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  1. End-to-end high-availability is always the best, I fully agree. That is why in safety critical networks we have ED-137 linked session, or the 4-times-simulcasted ARTAS radar streams.

    What is funny that even in-chassis redundancy in network devices still does not work well after three decades of development. We have daily problems that this feature or that feature is broken when there is an automated failover from one processor to the other. The background synchronization is difficult and they did no want to create a full transaction journalling, since that is expensive.

    If you have to implement high-availability in the infrastructure, then it is a sign that the applications are not designed very well for this purpose. Keep in mind that your infrastructure HA solution is just a compensation control for the weaknesses of the application.

  2. How to solve then the TCP session state problem on load balancer or server if they go down so that the end-user doesn't have to press the reload button? (Ignoring the question for a moment if it's worth solving this problem or not.)

  3. @Anonymous: Nobody has managed to migrate an existing TCP session to another server (at least I'm not aware of that). It's not just the state of various TCP counters and windows, the second server would have to know what the first server already did with the request(s).

    The only solution is to have an application-level library that understands that TCP is not a 100% reliable transport protocol and acts accordingly.

    @Bela: I love the "infrastructure HA is just a compensation control for application weaknesses". Thanks a million!

  4. In one of the linked posts you mentioned VMware FT Ivan. FT is a high-end feature of VMware's HA portfolios, and it also happens to be a resource hog. Due to the way it needs to log all input and non-deterministic events on the primary VM, send it over to and replay it on the backup VM, things that normally bypass the hypervisor like Rx/Tx now have to go through it for logging purpose and, get delayed until acknowledgement is received, so I/O-bound workloads will incur big performance hit. And multicore VM rubs salt to the wound, because the order of CPUs accessing shared memory needs to be tracked and retained for semantics preservation/correctness purpose. Basically the slowdown is superlinear with the increase in CPU cores. And that's why even though they claim here -- at question 18 -- that FT doesn't cause degradation, looking at their corresponding white paper, the slowdown is indeed superlinear:

    And that's just with synthetic workloads. And yes, I/O-bound workloads -- Rx more so than Tx due to the different ways FT deals with each of them -- suffer non-trivial downgrade. Some of their customers also reported similar issues with I/O:

    Essentially, looks like HA solutions normally come with performance trade-offs, sometimes considerable ones, and they always cost a hell lot more.

    Also, I remember earlier this year, you were blogging about some guy demonstrating a lossless Vmotion failover. Frankly, what does it prove anything? The Vmotion process is inherently lossy, due to the repeated iterations of memory copy and the freezing of the VM, esp. for memory-intensive workload, and that you can successfully execute a lossless migration, just means you're lucky, thanks to probabilities, or have a workload that doesn't stress Vmotion capability to its limit, or both. Or put it in a semi-formal way, just because you manage to achieve result-level correctness, doesn't mean you have process-level correctness :p. Think gambling. That's one classic example of (sometimes) great result, horrible process.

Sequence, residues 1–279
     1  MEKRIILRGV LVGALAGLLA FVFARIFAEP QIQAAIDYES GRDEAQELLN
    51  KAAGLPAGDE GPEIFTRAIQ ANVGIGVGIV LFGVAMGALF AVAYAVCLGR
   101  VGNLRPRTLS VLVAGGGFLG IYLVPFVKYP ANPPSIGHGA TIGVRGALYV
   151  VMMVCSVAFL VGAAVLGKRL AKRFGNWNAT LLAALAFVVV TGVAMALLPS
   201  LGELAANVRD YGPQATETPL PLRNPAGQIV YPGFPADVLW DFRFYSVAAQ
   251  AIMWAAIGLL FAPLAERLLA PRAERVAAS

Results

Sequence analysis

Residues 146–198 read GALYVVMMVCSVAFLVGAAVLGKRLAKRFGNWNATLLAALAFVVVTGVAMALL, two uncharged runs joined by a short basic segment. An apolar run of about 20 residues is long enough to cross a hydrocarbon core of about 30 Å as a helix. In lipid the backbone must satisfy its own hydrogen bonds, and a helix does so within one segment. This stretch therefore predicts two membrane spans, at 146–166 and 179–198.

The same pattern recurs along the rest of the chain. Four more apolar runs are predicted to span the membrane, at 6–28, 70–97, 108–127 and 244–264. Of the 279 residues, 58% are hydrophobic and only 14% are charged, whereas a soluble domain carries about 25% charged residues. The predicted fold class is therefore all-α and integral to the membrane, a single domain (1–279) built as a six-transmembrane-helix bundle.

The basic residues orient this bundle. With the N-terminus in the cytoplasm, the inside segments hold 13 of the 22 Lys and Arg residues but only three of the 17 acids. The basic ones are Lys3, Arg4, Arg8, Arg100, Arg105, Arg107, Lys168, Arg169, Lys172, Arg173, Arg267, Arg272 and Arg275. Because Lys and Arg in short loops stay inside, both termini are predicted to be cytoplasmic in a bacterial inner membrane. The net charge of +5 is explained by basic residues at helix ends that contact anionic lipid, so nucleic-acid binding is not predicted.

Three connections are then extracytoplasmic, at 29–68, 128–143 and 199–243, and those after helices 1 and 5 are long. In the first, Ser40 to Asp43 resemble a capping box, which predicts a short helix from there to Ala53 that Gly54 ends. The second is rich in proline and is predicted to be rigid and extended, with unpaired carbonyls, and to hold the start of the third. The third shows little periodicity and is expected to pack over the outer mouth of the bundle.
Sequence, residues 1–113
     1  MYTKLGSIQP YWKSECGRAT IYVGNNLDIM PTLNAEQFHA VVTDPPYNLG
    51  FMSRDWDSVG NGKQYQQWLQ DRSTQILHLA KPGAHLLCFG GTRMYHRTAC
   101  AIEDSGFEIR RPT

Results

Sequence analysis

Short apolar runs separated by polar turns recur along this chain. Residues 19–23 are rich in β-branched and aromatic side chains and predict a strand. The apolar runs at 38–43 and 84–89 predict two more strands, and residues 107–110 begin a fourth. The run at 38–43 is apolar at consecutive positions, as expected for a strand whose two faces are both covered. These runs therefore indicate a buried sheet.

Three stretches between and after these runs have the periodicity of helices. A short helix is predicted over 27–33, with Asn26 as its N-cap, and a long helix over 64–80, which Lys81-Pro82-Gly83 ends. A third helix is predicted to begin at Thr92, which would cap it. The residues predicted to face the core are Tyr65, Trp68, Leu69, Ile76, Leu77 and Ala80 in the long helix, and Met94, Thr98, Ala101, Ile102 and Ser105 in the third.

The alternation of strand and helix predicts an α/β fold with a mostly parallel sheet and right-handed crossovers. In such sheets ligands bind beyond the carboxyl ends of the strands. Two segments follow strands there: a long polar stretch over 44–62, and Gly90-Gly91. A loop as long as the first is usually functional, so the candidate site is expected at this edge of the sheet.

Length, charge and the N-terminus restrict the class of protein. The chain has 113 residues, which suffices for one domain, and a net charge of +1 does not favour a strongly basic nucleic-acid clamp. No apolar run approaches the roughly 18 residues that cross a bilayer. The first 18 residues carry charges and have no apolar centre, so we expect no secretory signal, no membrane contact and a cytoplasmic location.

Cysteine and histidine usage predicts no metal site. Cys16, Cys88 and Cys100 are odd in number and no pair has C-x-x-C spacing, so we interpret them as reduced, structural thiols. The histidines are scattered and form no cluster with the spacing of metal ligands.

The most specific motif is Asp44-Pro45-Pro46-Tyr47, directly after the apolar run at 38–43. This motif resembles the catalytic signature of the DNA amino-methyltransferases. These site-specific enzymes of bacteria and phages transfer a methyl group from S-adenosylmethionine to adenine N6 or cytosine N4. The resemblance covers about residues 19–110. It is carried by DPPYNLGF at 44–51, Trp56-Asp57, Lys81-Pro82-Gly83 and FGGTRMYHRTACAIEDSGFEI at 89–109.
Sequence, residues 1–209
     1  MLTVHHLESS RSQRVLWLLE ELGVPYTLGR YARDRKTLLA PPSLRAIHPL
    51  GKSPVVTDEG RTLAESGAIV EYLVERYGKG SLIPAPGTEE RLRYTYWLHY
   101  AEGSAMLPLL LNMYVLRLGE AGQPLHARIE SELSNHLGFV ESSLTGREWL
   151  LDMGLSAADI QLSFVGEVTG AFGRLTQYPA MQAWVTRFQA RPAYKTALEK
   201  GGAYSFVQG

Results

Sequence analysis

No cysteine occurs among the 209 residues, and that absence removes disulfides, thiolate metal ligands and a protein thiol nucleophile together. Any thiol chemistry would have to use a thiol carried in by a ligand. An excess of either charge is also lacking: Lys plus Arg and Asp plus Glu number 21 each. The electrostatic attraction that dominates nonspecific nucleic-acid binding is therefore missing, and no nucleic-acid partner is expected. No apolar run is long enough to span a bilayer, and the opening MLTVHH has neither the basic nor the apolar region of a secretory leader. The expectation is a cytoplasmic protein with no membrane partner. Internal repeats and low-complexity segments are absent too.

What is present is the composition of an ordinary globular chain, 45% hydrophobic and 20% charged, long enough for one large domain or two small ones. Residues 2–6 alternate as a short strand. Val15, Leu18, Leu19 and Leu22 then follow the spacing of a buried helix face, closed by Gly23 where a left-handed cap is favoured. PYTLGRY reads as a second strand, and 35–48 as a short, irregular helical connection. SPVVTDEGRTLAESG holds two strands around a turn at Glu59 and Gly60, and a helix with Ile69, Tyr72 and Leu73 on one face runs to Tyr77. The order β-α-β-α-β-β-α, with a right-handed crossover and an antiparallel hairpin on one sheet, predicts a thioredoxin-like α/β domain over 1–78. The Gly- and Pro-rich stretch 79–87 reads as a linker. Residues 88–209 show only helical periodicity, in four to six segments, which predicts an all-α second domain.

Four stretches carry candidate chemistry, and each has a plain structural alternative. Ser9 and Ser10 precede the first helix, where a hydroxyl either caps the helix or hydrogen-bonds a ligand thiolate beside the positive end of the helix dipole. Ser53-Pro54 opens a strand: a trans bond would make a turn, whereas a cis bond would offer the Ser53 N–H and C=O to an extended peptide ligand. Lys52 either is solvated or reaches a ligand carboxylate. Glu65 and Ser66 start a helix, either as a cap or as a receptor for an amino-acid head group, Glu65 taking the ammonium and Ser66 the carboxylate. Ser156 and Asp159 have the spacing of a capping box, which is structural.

As to end-to-end HA, I agree 100% with you that the right way to do it is via the applications, as it goes along the same line of complexity belonging at the edge and simplicity at the core, smart edge dumb core :)) . DNS exemplifies that application-level-HA paradigm. It's simple and rock solid.

    Another great example worth mentioning, is good ol Active Directory. MS did get it right with their DS. AD is a distributed DB application, and a multi-master replication one at that. Given it was designed with this specific model in mind from day one and it came to be more than 20 yrs ago, before this scale-out movement was even a thing, one has to give it to MS on this one.

    AD is among the most mission-critical part of just about any company's infrastructure, and it's whole by itself, doesn't need any overpriced and overrated HA device to look after its heartbeat. AD's HA is completely built into its mechanics, with its eventually-consistent DB. Within a site, replication is super quick, and inter-site replication is done using distance-vector paradigm to ensure high scalability. On a side note, MS started Intersite replication in AD with their proprietary algorithm, most likely a link-state one because MS Exchange at that time used LS to route emails between its servers. That one made AD fall apart at 250 sites or so in windows 2000, so MS gave up on it and went with a simpler BGP-like replication model between sites.

    in AD, if any server goes down, the client just locates another one using DNS SRV record, first within site and then globally if all servers within a site fail. It's scaled-out, simple, and effective, and it works so well people don't bothers talking about AD these days anymore, and actually haven't done so in a long time.

  5. Also, pls keep these jam-packed, heavyweight posts coming Ivan!! They're deep and heavy, yet highly enjoyable at the same time :)).

  6. Hi Ivan. At least in Azure VM can subscribe for about upcoming maintenance events:

    Then it can let Load Balancer know (by turning to unhealty state) that it will no longer accept new connections. Existing connections will still be kept on this VM until one of the sides (VM or remote endpoint) close it.

    If application really cares, it has at least 10 minutes to gracefully drain all the connections, let client application reconnect smoothly.

    Yes, AZFW works exactly this way:

    It's a little harder for Active/Standby apps like databases. Many Azure Native services do care about that and utilize these features.

    Of course in case of BSOD on VM or node failure all your statements are completely reasonable, but for planned maintenances it's completely manageable almost without even customer's notice.